Not just about the math

Paul Lockhart has a new book out.  The title (Measurement) will likely strike dread in the hearts of those who despise mathematics for one reason or another, but I mention the event not for the math but for the potential contagion of Lockhart’s delight in his work. He’s made a short video to accompany the release of Measurement. Even if you want nothing to do with the math, you may find that the way Lockhart is about it inspires and reinvigorates – that he reminds you of what you care most about and why you care about it.

Also, though, if you are looking for a gentle invitation into the world of numbers, shapes, patterns, and mathematical happening and inquiry (whether for your own sake or that of your young), you won’t likely find anyone more eager to hold the door open for you than Lockhart.  He knows we won’t all love math the way he does, but he sees room in it for everyone who comes inquiring after it.  No matter how many times they’ve been otherwise told they’re not welcome and don’t have what it takes.

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Vitalization projects

A few weeks ago I had cause to revisit Anne Lamott’s Bird by Bird.  On the second-to-last page, she quotes a friend who likes to ask “How alive are you willing to be?”

It happened that the morning before, I was up against the edges of my own ease, a beginner among masters at something I’ve always wanted to learn. More than once I’d had to decide whether the possibility of success, which would offer me an experience of being alive and fulfilled that other things, more comfortable and convenient things, might not, was worth the discomfort and inconvenience afforded by my beginner status.

So the question struck me with some force, and after pondering it for myself, it occurred to me that it might prompt a powerful inquiry about our standards for children’s lives. We often find ourselves at odds with children, with the pastimes they are drawn to, the things they want to do with their time and energies and intellects.  We tell them and we tell ourselves that it’s for their own good that we seek to bend them this way, toward the pursuits that we think will take them where we hope they’ll go.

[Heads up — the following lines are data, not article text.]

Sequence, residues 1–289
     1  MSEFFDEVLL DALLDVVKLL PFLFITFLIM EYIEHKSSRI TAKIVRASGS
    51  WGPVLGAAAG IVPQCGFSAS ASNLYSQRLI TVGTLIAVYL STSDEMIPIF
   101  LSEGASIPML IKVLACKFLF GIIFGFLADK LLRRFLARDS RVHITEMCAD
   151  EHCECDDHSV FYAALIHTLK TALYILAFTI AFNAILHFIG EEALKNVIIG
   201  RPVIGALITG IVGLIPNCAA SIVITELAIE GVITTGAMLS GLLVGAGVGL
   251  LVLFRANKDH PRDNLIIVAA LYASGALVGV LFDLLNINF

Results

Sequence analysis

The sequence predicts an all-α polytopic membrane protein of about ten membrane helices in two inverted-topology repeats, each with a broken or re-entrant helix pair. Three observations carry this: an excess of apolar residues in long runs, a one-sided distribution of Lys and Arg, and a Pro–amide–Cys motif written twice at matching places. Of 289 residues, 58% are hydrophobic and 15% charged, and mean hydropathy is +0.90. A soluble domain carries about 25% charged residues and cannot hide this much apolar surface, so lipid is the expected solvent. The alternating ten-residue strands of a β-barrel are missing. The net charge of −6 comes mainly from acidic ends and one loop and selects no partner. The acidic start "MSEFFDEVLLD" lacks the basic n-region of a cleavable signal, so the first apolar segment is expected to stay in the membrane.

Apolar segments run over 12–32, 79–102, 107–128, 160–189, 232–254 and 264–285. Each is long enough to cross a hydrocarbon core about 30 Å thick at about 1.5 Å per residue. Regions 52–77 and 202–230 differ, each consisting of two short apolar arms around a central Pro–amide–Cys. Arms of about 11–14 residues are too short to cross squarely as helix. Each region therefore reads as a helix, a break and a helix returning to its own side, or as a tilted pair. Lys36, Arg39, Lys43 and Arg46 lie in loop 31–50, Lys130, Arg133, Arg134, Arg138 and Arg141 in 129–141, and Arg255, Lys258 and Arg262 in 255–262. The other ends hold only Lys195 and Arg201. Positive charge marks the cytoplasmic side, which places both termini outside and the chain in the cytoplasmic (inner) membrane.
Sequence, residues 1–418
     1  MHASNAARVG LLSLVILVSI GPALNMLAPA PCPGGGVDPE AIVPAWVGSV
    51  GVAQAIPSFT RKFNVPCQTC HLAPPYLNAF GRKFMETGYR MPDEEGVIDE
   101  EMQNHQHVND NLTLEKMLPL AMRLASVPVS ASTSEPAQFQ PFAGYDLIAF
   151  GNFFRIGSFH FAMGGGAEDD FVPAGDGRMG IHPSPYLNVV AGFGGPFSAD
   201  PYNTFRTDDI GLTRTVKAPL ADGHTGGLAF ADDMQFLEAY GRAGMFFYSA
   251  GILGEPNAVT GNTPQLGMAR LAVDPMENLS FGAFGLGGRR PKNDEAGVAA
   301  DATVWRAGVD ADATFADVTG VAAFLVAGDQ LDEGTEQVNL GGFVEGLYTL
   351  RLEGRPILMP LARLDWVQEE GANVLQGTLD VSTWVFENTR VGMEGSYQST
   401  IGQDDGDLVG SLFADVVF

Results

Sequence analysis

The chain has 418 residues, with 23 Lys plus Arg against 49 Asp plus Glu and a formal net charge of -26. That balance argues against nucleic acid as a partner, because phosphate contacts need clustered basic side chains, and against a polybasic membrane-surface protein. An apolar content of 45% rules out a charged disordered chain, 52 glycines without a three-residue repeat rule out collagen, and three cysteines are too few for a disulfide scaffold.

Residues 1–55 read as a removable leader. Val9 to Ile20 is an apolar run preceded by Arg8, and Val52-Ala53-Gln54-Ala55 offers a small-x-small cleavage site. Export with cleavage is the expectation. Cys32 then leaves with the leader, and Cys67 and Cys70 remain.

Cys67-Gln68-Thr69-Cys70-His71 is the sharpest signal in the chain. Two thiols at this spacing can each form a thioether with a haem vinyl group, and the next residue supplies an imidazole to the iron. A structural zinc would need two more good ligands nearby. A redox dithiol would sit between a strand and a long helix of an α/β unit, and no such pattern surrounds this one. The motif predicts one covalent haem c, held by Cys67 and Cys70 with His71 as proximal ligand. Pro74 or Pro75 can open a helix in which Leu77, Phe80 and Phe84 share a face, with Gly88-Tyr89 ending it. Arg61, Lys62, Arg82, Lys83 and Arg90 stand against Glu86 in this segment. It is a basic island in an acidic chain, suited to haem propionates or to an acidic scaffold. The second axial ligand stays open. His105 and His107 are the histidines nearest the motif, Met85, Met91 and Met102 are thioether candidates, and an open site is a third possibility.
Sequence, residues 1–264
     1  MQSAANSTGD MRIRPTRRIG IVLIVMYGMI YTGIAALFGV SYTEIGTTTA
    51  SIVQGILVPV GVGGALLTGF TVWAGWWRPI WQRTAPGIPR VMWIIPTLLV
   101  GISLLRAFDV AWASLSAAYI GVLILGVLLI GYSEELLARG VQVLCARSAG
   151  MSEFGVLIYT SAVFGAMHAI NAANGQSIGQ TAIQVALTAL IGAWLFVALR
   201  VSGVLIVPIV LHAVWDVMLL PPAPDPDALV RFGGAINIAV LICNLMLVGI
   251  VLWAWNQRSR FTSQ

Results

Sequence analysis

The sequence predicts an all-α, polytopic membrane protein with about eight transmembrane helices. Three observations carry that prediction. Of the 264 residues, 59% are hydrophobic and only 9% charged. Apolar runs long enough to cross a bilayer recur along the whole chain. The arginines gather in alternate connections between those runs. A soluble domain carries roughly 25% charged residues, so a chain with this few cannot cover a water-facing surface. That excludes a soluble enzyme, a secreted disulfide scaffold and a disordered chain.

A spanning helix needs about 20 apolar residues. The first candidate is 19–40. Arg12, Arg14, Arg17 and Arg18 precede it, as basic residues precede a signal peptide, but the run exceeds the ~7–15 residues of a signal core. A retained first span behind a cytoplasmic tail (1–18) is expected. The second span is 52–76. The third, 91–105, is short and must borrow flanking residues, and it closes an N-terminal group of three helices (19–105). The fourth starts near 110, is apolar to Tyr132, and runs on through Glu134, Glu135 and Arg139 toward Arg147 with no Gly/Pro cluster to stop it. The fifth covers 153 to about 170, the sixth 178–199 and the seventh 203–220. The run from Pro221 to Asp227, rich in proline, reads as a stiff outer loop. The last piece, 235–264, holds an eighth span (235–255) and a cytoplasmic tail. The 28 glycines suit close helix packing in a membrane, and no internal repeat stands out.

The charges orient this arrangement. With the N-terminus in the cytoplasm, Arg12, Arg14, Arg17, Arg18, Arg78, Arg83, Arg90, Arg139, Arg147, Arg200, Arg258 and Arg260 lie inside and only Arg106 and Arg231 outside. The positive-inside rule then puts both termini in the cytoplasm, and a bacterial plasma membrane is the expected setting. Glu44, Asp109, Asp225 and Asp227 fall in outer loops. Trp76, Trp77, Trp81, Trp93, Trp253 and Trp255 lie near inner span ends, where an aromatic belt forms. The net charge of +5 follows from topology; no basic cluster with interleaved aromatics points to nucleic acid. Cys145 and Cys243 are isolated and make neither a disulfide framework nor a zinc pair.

In the name of education and preparation, we enforce time spent on the things tradition has taught us to value, at the expense of the things that bring kids most readily to life – the things that bring out the brightness, the determination, the patience to keep at something even when it’s hard. We know our intentions are good, but is it getting us what we actually want for kids?

How alive are we willing to let them be?

Also

The other day I wrote about waiting to offer help until it’s clear that help is needed and/or wanted.  Here’s a bit of follow-up to that:

When we skip the inquiry into the usefulness or necessity of a particular task or activity, we deny ourselves the opportunity to see what might be trying to make itself known in the space created by not pursuing that thing just then.  Any time we’re doing one thing, we have to be not doing another thing; everything we ever do requires the choice to not do something else. And it may in fact be that reading, for example, is not the most important thing for every child to be doing right away.  It may be that for some people the most important first thing to master is listening, that for others it’s building or sorting or observing or climbing or strategizing or swimming or questioning.

It’s possible that obstacles not only offer us, as Randy Pausch suggested, the chance to find out how driven and committed we are about something, but that they also give us an opportunity to find out if there’s something else that might be even better for us, at least right then.